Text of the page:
Wanderlust: Scams, rain, and buses: A trying time in Vietnam

by DGO Web Administrator

November 2014. Somewhere in downtown Hanoi, Vietnam, waiting for our hired guide to escort us to our bus that will take us (my friend, myself, and our two 100cc Honda motorbikes, plus gear) through the night to Dong Hoi. Dude rolls up, makes sure we’re good to go, starts leading us through the hectic rush hour traffic of Hanoi toward the bus station. Something didn’t feel right.

Once at the bus station, we get extorted to pay for the “escort,” which we already paid at the travel agency. Nope. This is a scam, and I’m instantly pissed at the dude. Fuck it: pay the guy ($5), get back on the bikes and head back through Hanoi rush hour, AGAIN.

Finally get the right escort and find our bus, barely. We were told that we’d get dropped off at a bus station. Wrong again. “Bus station” meant the side of the road on the outskirts of town at 4 a.m. in a torrential downpour. We hang out underneath some random awning until the rain lets up with an even more distraught girl from London. Rain never breaks.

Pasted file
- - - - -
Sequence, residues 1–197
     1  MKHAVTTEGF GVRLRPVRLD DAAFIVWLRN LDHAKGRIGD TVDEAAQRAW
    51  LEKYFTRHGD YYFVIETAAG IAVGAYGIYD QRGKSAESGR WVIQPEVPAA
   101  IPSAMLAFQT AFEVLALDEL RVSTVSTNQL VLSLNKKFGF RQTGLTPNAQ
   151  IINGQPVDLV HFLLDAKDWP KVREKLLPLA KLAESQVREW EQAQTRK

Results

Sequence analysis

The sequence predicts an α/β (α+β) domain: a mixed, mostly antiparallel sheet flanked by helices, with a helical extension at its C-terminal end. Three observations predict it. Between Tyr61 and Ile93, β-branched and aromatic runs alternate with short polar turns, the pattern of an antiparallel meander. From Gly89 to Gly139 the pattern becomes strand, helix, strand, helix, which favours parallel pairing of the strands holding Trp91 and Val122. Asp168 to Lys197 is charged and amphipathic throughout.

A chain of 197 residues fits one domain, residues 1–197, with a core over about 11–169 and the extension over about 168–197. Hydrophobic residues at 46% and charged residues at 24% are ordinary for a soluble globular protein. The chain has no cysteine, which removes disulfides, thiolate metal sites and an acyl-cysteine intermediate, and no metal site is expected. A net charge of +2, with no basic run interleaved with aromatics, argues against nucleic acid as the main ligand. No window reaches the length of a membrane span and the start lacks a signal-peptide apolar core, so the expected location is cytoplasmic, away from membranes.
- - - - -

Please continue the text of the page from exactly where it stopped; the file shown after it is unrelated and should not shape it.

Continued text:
First light finally shows itself, maybe 5:30 a.m. We decide “screw it, let’s ride,” so we get on and head toward Phong Nha-Khe Bang National Park and the town of Son Trach. Luckily, or unluckily, I didn’t sleep much on the bus (surprise!), especially when being jolted awake 10 minutes before our stop by Vietnamese radio blasting at a solid 12 out of 10, at 3:45 a.m. Whatever – I’m glad to be off that bus.

Midway through our ride to Son Trach, I had to stop for coffee since I was so out of it – riding through rural Central Vietnam on maybe 1.5 hours of sleep, in the rain. Pull into the first place that looked like they might have something caffeinated – middle of nowhere, tiny house on the edge of a rice paddy at the edge of the road. (I remember) the warm cups of coffee. The hesitant smiles of the family we were commissioning for our morning buzz. The fog/rain clearing and (being) almost to the destination.

I’m still not sure what made that part of the trip incredibly memorable. To this day, I believe it was the true sense of adventure and uncertainty I had found myself smack in the middle of, whether I enjoyed it at the time or not.

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